And won’t the recurrence of disease activity after Alemtuzumab or aHSCT use, result in a slow rebound in annual BVL? If the hypothesis that demyelinating plaques are a derivative of an autoimmune response of the body to the ongoing inflammatory “smouldering MS” process, then is the emergence of new resonance lesions not synonymous with the re-activation of this long-term process?

      • When you say the damage had accumulated what do you mean? Are you referring to a persons physical presentation or EDDS score, or are you referring to the person who has many lesions, but not much (yet) in the way of disability?

        • When I refer to the damage I mean loss of neurons, axons and synapses; the functional units of the nervous system.

    • “Does being treated with aHSCT exclude pwMS from being treated with alemtuzumab at a later stage?”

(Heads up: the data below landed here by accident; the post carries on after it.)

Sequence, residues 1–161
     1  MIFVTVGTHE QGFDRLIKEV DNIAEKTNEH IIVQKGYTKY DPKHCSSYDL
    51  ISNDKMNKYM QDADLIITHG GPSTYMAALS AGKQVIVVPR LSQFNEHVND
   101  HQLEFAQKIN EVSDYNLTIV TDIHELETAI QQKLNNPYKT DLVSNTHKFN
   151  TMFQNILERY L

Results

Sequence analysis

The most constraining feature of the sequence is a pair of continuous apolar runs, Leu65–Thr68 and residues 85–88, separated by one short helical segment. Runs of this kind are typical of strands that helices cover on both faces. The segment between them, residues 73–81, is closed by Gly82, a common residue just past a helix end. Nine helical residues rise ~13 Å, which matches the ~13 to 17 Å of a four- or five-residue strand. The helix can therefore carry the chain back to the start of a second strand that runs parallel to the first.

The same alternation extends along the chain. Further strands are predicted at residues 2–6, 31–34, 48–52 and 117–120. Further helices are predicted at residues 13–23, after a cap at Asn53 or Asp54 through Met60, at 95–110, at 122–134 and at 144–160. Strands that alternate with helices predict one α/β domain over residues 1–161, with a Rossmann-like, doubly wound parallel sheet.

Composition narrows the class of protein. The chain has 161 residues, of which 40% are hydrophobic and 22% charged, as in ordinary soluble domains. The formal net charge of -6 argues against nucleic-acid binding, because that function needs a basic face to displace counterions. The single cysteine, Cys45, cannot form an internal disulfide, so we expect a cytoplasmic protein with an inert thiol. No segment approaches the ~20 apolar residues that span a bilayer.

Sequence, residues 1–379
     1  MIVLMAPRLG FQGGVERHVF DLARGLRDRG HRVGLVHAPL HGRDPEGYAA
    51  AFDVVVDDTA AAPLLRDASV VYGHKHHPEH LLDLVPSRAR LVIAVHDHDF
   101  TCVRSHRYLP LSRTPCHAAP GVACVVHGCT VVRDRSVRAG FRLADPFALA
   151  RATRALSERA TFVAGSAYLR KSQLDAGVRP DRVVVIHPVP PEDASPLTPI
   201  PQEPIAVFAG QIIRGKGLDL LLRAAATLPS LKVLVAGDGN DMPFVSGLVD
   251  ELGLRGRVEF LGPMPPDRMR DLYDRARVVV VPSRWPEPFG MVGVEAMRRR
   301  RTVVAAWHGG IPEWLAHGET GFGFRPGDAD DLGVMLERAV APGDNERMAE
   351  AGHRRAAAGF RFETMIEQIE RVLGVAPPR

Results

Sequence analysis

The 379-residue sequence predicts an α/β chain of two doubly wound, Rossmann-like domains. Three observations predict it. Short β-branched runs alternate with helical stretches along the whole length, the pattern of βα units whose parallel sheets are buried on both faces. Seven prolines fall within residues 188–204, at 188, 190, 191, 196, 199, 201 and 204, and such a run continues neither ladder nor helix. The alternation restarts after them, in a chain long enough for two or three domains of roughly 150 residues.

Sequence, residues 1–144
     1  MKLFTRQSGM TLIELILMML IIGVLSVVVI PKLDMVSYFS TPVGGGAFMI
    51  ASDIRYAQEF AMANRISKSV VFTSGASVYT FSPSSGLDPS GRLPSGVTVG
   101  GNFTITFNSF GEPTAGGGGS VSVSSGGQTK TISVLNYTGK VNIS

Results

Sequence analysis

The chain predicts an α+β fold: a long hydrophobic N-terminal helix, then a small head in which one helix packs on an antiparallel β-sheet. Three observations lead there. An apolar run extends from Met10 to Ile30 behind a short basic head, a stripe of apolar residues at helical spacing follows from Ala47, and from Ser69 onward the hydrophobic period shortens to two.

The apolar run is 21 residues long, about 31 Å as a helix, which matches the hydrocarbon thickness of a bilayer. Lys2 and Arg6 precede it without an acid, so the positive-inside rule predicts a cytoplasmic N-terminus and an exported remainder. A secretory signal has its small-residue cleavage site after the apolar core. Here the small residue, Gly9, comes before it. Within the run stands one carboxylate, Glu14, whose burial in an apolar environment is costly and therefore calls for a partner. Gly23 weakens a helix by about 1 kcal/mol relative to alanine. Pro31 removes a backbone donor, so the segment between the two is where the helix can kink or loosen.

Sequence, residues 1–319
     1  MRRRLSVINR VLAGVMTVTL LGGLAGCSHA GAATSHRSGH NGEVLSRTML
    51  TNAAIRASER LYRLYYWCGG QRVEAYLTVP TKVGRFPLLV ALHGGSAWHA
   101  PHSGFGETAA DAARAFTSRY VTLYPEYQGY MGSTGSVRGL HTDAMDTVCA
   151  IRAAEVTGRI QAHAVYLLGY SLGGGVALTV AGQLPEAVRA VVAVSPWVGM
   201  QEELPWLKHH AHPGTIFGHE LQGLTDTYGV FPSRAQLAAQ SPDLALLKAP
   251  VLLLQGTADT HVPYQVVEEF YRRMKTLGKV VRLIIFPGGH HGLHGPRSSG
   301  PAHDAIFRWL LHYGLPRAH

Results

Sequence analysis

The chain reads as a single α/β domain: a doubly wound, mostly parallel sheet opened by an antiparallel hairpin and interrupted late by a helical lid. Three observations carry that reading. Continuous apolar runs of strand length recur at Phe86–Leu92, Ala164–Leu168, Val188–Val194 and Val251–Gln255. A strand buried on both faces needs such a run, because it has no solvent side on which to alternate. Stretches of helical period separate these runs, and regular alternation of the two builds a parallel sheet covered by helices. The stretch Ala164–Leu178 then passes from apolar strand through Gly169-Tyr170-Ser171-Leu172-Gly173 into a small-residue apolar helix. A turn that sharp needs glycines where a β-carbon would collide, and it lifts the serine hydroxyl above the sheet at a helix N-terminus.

Pretty much as all -mab drugs do not get in the brain…and so must be used very early in rr..

      • Re: “Pretty much as all -mab drugs”

        This is not true. All monoclonal antibodies get into the brain in proportion to the circulating concentration. CSF levels of antibody concentrations are roughly 1/200th or 0.5% of blood levels.

  • Prof G,

    Thanks for your post.

    “Could AHSCT done early stop/reverse or prevent the establishment of smouldering disease?”

    My neuro told me that he doesn’t support the idea of “smouldering MS” (I’m not clear as to what he thinks drives progressive disease). What evidence is there that smouldering MS exists – MRI? Biomarkers? BVL measurements?

    Given that in many cases, even after Alemtuzumab or HSCT, smouldering MS continues, are there any promising looking therapies in trial which are seeking to address smouldering MS?

    • The underlying hypothesis/question is if you treat MS early enough do you prevent or reverse the processes driving smouldering MS? I think this is highly likely with alemtuzumab and AHSCT, but again this is not all or nothing. Only a proportion of patients treated with alemtuzumab remain NEDA-3 or NEIDA (no evident inflammatory disease activity) and I have no idea how many of these are also NEO-EOD (no evident ongoing end-organ damage). I suspect with AHSCT, particularly with BEAM-ATG AHSCT, this proportion will be higher.